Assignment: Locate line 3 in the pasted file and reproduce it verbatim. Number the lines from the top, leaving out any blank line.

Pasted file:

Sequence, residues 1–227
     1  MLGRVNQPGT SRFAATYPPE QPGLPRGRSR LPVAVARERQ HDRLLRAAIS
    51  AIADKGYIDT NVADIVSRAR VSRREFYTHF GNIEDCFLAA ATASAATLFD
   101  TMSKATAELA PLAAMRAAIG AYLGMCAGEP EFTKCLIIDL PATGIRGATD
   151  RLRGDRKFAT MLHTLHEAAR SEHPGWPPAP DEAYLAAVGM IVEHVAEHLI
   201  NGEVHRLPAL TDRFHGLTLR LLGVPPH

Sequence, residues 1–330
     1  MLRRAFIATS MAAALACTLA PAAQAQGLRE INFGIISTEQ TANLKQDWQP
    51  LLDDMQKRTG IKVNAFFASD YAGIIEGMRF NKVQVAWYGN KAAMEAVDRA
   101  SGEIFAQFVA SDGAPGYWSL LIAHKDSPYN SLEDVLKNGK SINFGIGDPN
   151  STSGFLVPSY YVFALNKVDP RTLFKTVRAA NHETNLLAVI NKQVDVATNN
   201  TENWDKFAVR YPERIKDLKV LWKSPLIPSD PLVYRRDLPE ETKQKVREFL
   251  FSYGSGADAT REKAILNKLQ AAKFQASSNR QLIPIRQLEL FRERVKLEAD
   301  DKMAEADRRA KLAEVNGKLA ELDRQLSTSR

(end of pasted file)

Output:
    51  AIADKGYIDT NVADIVSRAR VSRREFYTHF GNIEDCFLAA ATASAATLFD